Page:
March 28, 2011 — People in Japan may look calm on the outside but they are depressed on the inside, a former Harvard School of Public Health (HSPH) research fellow told an in-studio and webcast audience at a panel discussion, “Response to the Earthquake, Tsunami and Nuclear Crises in Japan: Disaster Leadership in Action.” “It’s almost to the boiling point,” said emergency physician Takashi Nagata, who participated in the panel remotely from Tokyo.
Nagata joined other disaster response and radiation experts in a special edition of The Forum at Harvard School of Public Health to discuss the disaster unfolding in Japan. The Forum was recently established by the School to present a platform for experts to share knowledge on health issues, controversies and current concerns to decision-makers around the world.
Nagata told of initially going to Waki City for three days to tend to some of the large number of evacuees housed in 140 emergency shelters. About 30% of the people in the shelters are older and many are “panicked” about not having with them their medicines for diabetes, heart disease and other chronic diseases, he said. After several days, Nagata felt the need to return to Tokyo to hold a press conference with the Japan Medical Association to publicly ask the government for help assisting the stricken region. “People inside [the region] cannot call for help but they need help. I came back [to Tokyo] to describe what happened and to ask for help from outside,” he said.
“I cried three times on Thursday. I became panicked. Every four to six hours new things happened,” Nagata said.
Other participants in The Forum included Gordon Thompson, a radiation expert and executive director, Institute for Resource and Security Studies in Cambridge, Mass.; Michael VanRooyen, founder and director of the Harvard Humanitarian Initiative, associate professor at HSPH, and an emergency physician at Brigham and Women’s Hospital, and Michael Reich, Taro Takemi Professor of International Health Policy, Department of Global Health and Population, HSPH. The event was moderated by [[Jennifer Leaning]], director of Harvard University’s François-Xavier Bagnoud Center for Health and Human Rights at HSPH and FXB Professor of the Practice of Health and Human Rights at HSPH.
“This is a very unique emergency in many ways, not only because of the radiation but because of the nature of the Japanese society and its level of preparedness,” said VanRooyen. The outcome would have been much worse if Japan hadn’t been so well prepared, he said. VanRooyen called the situation an “unprecedented” triple crisis, which began with the deadly earthquake March 11, the devastating tsunami that engulfed parts of the country’s coastline, and the continuing crises at the Fukushima Daiichi and other damaged nuclear facilities.
Now that six days have passed after the earthquake and tsunami, the relief operation needs to focus less on search and rescue and more on addressing the physical needs of the approximately half-million survivors, said VanRooyen.
At this point there is little foreign governments and outside relief organizations can do to help, the participants said. Among the factors impeding relief efforts and access to basic supplies is a broken, debris-blocked transportation system and unreliable information about radiation risks.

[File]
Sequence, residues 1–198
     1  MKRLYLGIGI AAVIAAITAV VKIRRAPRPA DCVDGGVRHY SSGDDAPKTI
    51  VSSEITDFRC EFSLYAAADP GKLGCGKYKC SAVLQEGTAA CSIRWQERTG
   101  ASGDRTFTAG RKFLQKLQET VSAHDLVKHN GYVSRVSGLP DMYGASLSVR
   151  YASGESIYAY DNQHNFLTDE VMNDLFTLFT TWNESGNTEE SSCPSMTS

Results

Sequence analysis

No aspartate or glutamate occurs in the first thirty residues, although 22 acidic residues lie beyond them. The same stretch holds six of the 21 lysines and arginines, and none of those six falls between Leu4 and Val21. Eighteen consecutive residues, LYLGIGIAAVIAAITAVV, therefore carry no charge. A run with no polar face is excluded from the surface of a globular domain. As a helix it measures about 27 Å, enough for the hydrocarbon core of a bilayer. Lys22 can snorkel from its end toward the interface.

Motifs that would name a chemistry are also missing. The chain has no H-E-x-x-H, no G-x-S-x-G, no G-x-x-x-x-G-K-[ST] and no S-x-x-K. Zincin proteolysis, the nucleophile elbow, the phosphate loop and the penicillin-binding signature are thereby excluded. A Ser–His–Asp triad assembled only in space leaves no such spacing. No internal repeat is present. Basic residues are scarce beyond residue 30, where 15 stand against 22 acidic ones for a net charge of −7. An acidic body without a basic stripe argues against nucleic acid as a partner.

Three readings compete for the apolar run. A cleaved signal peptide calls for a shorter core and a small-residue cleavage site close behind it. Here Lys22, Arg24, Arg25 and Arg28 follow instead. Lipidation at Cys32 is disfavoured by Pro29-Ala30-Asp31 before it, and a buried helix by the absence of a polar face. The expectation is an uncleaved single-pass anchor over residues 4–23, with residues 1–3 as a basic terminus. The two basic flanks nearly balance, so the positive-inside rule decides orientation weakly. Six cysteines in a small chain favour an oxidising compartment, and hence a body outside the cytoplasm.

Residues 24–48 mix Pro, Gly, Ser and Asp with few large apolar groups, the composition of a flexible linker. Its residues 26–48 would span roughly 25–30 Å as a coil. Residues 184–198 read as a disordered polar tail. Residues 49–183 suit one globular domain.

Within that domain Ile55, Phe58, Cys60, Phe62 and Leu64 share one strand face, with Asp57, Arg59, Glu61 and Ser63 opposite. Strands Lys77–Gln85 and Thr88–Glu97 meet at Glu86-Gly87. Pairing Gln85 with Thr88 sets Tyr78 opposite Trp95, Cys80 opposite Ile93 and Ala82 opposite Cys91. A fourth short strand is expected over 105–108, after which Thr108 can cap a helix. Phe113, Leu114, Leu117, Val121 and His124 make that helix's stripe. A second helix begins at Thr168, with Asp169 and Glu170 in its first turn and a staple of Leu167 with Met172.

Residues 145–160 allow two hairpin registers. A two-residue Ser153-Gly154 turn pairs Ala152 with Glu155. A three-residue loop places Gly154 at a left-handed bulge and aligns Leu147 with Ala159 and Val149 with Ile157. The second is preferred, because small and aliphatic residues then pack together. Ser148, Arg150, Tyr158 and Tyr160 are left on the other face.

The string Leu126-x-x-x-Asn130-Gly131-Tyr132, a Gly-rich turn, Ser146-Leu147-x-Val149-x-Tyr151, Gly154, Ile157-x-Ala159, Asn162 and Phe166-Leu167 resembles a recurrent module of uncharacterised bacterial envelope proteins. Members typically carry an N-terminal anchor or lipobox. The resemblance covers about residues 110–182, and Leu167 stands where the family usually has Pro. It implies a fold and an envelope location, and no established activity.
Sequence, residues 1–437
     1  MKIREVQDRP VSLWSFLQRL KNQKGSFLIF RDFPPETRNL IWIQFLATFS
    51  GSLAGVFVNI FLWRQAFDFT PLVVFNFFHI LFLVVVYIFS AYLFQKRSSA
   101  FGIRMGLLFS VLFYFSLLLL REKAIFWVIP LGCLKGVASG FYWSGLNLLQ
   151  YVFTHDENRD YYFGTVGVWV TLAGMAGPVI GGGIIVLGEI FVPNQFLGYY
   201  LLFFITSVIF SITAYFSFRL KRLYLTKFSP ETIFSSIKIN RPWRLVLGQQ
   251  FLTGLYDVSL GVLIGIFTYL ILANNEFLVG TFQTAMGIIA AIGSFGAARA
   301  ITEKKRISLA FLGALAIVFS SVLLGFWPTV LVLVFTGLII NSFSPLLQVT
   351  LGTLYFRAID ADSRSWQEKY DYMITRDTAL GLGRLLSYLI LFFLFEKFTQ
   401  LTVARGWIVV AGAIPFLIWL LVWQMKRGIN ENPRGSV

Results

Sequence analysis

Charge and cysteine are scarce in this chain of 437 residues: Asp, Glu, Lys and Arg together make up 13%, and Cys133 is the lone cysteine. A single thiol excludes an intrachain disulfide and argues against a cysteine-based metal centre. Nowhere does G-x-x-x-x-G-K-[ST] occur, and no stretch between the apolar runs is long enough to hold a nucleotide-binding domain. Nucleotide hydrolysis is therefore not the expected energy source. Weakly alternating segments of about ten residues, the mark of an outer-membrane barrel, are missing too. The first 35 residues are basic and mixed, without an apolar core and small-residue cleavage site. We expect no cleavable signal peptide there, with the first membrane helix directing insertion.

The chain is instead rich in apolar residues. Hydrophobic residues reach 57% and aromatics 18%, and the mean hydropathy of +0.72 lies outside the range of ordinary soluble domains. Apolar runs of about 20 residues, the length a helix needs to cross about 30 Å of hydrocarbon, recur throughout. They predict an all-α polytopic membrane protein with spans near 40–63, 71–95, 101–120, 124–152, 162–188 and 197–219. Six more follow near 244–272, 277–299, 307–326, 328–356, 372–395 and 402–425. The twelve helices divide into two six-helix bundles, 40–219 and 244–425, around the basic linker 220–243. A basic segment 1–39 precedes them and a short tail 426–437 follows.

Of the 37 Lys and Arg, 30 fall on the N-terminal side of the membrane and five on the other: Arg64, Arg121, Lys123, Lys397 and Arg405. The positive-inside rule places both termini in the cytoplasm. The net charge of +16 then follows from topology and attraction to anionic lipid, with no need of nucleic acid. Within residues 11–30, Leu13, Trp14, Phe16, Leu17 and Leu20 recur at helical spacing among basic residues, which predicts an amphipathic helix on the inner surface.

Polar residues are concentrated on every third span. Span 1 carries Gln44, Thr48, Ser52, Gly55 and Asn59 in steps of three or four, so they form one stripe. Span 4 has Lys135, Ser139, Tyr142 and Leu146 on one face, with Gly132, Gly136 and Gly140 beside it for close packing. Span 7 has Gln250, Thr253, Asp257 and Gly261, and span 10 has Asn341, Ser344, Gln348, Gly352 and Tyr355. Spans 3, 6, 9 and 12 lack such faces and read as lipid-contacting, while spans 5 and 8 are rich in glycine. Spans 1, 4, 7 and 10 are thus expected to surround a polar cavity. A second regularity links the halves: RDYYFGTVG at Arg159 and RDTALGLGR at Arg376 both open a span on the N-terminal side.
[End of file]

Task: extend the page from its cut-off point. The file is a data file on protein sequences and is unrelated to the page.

“Relief organizations considering going in need to be aware of cultural issues in the country, and need to [offer help] in a targeted, appropriate and professional way. It’s not a place to send generalists,” VanRooyen said.
Foreign support might cause confusion, Nagata said, especially if people can’t speak Japanese. “It is not appropriate for foreigners to help now. It is unstable and dangerous,” he said.
In addition to meeting physical needs of survivors, Reich said a psychological crisis is unfolding. “It’s invisible contamination,” he said, referring to radiation in the environment. Reich added that information needs to be presented in a manner more understandable to many of the impacted people, who include many fishermen, farmers, and elderly. “It’s important the communication be something your grandmother would understand,” he said.
It’s impossible from a distance to know exactly what’s going on in terms of radiation levels, Gordon said. But more clear and consistent statements from Japanese authorities would be helpful. “People need to be able to trust the statements that are made,” he said. (Listen to the webcast for more on radiation measurement.)
Leaning explained the difficulty of determining who should evacuate and who should stay. “If you order an evacuation closer to the plant, and there is a significant massive [radiation] release, then you have all these people on the road who are not sheltered at all and they can’t move either because of gridlock or the transportation system is broken and they are out in the open as the [radioactive] plume goes over them,” she said. “But then if they stay in their homes, how are you going to re-supply all these tens of thousands of people who are sheltering in their homes?”
“This is a terrible set of tragedies that would challenge any government and any people in the world,” said Reich. “To the people and government of Japan we send our deeply heartfelt sympathy for everything that is going on. At the same time we are here to provide any assistance that might be asked for – at the technical, social and personal level. It requires the Japanese to figure out how we can best assist them in confronting this terribly complex set of tragedies that is making everyone around the world wish there was something we could do,” he said.